If you who are reading this reflection are a priest yourself, know that I am praying for you and that your enthusiasm will be on fire.  If you are a lay person, do pray for the priests in your parish that they too will be enamoured by the deep and energising love of Christ for them.  This way, the church in Singapore and in any other part of the world will be transformed, and more and more people will see how real the glory of God is.  


  1. Thank you Fr Luke for the long awaited post! Yes praying for priest to be holy as we see them Christ-like. Good to know that you are recovering and will be back in your parish soon.Praying for all who are weak and unable to receive the Eucharist.God Bless us all.🙏❣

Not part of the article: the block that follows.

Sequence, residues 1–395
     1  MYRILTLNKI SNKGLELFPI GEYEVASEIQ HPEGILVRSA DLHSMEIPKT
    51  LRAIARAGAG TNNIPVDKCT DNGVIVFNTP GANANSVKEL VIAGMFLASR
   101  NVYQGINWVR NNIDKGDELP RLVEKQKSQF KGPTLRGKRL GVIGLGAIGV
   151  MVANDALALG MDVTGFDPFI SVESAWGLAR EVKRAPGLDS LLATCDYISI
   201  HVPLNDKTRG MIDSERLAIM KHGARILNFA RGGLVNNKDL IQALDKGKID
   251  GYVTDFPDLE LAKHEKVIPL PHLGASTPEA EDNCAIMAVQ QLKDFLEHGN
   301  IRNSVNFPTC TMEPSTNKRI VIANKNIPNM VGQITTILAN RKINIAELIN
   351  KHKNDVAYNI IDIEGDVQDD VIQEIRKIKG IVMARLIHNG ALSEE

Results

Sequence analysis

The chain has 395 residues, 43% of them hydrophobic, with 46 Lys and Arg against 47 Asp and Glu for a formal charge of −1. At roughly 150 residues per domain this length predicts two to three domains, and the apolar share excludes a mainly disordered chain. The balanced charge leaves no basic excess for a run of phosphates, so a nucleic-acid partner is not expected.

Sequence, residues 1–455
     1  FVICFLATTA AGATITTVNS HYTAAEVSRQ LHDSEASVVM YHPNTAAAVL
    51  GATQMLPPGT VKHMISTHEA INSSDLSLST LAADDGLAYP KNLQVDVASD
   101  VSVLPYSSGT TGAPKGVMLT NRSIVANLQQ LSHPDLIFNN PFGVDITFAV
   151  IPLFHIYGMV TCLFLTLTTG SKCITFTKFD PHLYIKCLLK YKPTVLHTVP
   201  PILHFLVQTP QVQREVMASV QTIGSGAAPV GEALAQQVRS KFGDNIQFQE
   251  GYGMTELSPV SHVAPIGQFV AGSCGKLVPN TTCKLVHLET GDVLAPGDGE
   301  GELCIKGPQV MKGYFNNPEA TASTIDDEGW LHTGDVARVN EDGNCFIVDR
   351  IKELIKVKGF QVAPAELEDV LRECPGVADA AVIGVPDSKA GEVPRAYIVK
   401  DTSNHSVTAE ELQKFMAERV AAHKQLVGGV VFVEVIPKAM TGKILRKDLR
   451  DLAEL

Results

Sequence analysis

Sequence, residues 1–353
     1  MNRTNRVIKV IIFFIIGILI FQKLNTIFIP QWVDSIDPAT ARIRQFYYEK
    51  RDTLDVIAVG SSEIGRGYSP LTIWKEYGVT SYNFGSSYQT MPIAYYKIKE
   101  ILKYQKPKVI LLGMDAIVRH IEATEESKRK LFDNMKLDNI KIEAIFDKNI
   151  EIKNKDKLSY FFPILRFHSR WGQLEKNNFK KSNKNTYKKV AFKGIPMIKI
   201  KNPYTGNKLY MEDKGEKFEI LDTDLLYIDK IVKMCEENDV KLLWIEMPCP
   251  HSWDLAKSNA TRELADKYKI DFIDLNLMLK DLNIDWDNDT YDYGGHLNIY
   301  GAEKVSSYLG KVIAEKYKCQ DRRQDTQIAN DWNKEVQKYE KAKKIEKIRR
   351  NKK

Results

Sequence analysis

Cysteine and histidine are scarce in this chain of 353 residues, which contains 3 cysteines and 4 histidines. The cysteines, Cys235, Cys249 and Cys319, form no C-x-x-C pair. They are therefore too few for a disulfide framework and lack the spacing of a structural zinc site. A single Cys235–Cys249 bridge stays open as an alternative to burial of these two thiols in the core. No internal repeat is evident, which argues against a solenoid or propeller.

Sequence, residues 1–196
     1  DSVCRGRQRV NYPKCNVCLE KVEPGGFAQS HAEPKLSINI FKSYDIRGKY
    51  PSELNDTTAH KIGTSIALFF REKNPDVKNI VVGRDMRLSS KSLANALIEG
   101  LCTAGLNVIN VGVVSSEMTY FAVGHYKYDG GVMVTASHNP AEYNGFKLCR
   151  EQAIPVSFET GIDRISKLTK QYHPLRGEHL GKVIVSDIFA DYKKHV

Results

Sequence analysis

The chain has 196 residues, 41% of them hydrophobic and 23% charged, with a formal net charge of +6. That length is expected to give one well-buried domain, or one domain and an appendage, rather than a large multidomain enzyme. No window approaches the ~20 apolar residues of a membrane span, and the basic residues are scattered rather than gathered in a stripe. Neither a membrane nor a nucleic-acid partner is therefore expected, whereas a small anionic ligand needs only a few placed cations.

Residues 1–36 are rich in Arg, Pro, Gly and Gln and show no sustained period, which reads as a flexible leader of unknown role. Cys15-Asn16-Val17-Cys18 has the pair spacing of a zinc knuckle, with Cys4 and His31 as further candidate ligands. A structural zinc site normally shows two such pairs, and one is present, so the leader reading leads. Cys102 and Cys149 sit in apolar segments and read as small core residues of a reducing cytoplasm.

2. Hi Fr Luke, thanks for taking the time to always looking forward to more posts...and also your contemplation journey is interesting

  3. Hi Fr Luke, so nice to have you back..... Been waiting patiently for you to resume your blog. God bless you and will continue to pray for you and all priests.